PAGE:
Liane Shaw attempts to capture the turbulent inner life of an orphaned teenager in her new YA novel. Fifteen-year-old Sadie Thompson has spent most of her life in foster care; with no family placements available, she finds herself stuck in a group home. Struggling with disturbed roommates and an undiagnosed learning disability, Sadie yearns for her sixteenth birthday so she can quit school and possibly be emancipated from the world of foster care.
Sadie’s circumstances are undeniably challenging, but the novel’s weak first-person narration makes it almost impossible to develop any real sympathy for the character. Her inner monologue fails to conjure a sense of place: descriptions of the town, group home, and even Sadie’s own appearance are just about non-existent. This lack of context makes it difficult for the reader to envision characters and events.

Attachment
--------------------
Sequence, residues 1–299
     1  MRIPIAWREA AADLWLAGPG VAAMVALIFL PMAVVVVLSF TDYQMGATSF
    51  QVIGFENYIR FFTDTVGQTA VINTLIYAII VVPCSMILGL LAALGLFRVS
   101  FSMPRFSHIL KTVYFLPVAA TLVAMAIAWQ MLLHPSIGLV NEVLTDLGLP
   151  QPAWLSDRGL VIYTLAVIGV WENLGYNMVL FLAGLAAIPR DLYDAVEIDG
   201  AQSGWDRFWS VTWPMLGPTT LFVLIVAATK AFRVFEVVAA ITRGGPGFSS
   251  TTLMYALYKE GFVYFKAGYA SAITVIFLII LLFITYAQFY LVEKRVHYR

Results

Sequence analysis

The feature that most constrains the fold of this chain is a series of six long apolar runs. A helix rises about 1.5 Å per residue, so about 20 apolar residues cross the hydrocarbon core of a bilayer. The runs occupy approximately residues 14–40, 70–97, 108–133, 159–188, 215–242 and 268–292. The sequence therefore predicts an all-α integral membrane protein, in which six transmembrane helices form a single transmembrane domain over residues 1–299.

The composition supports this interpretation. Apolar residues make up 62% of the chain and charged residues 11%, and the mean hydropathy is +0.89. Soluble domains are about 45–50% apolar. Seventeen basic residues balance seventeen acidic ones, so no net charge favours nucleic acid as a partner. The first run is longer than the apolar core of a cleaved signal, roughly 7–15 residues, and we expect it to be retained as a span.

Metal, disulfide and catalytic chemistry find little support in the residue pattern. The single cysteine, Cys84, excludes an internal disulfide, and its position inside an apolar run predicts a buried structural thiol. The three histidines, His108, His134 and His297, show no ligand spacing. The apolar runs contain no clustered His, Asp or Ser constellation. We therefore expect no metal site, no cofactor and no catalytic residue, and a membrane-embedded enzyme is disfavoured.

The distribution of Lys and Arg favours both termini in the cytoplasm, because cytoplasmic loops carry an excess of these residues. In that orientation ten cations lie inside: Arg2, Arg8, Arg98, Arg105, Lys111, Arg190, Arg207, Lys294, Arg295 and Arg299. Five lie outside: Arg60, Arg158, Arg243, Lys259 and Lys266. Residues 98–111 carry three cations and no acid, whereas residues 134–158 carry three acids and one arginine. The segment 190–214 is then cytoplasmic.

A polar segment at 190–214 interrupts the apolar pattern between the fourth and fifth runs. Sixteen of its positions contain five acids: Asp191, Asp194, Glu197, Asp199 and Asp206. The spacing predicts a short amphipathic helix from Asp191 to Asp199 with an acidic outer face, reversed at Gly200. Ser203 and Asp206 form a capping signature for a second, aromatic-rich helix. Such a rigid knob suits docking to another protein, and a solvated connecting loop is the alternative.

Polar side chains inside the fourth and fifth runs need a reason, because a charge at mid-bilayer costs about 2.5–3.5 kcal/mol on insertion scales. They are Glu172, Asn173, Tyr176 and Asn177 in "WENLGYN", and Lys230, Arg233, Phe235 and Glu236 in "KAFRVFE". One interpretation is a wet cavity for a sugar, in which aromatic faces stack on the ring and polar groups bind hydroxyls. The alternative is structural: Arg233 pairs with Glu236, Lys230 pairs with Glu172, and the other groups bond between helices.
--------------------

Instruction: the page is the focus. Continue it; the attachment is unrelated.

Even more problematic, Sadie qualifies nearly every single line of dialogue with thoughts like, “I can’t believe my mouth let the words out,” and, “My mouth seems to be stuck open with words coming out.” Sadie’s inability to speak without constant internal qualification is an ineffective way of demonstrating her low self-esteem. Instead, it slows the pace and quickly frustrates the reader.
When she is not bewildered by her own speech, Sadie’s narration is inconsistent. At times she sounds juvenile and dopily tough, labelling other classmates as “nerd babies” and wishing she could rearrange faces. But at other times she notes the fact that she’s used a double negative in conversation, or thinks things like, “What’s that saying? Something about familiarity and contempt?” It’s hard to reconcile these two different registers into one believable, compelling protagonist.
Shaw spent 25 years as an educator and has extensive experience working with teens just like Sadie. While there is no doubting the accuracy of the details about Sadie’s treatment in school and the foster care system, the narrative provides too many barriers to empathy, education, or entertainment.